May 2003
Volume 44, Issue 13
ARVO Annual Meeting Abstract  |   May 2003
Cross Callosal Transmission of Visual Information Associated with Strabismus and Amblyopia
Author Affiliations & Notes
  • R.C. St John
    Dept of Psychology RMC, Royal Military College, Kingston, ON, Canada
Investigative Ophthalmology & Visual Science May 2003, Vol.44, 4808. doi:
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      R.C. St John; Cross Callosal Transmission of Visual Information Associated with Strabismus and Amblyopia . Invest. Ophthalmol. Vis. Sci. 2003;44(13):4808.

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      © ARVO (1962-2015); The Authors (2016-present)

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Abstract: : Purpose: Both psychophysical and anatomical studies have shown that strabismus resulting in amblyopia affects the normal development of fibers within the posterior corpus callosum. The purpose of the present study was to determine how strabismus may affect the transfer of information between the two cerebral hemispheres across the corpus callosum in human subjects. Methods: Seven strabismic amblyopes and 10 control subjects were tested using two different procedures. The first involved using two alternative forced choices about the relative size, width, and position of simple visual targets presented either within or between the two visual half-fields. The second involved using simple reaction times to visual stimuli to calculate cross-callosal transmission times. Results: Frequency of seeing curves plotted for the data from the forced choice procedures demonstrated that the Just Noticeable Differences in the strabismic group were significantly greater only when the judgements required cross-callosal transmission of information. In the normal control group there were no differences between the two conditions. The data from the reaction time procedure also indicated longer overall cross-callosal transmission times for the strabismic subjects. In addition, targets presented to the amblyopic eye showed slower over all response times. Conclusions: Strabismus with amblyopia may result in slowed or abnormal cross-callosal transmission of visual information. This finding supports numerous anatomical and electrophysiological studies on strabismus and the resulting abnormal development of the posterior corpus callosum in early life.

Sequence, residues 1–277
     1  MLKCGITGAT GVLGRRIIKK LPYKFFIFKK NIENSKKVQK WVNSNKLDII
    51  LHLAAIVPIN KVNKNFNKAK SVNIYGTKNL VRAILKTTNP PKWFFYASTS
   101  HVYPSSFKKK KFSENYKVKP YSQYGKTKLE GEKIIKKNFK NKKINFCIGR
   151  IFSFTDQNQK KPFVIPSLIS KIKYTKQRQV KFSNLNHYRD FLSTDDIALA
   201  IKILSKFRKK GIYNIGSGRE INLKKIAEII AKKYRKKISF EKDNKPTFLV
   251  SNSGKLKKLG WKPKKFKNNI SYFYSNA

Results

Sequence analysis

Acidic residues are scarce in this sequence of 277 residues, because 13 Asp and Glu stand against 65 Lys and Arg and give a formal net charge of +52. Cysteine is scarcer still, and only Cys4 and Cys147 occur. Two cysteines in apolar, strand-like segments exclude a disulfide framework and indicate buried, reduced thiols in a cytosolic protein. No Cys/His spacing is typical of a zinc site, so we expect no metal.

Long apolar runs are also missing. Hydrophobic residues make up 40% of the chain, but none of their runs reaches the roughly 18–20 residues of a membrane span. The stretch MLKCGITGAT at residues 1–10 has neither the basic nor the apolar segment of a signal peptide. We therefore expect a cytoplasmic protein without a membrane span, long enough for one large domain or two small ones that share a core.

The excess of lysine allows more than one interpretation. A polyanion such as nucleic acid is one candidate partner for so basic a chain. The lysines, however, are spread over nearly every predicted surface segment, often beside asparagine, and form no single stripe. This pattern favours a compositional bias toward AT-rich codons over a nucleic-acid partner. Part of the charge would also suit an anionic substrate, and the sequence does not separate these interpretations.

Keywords: amblyopia • strabismus • strabismus: diagnosis and detection 

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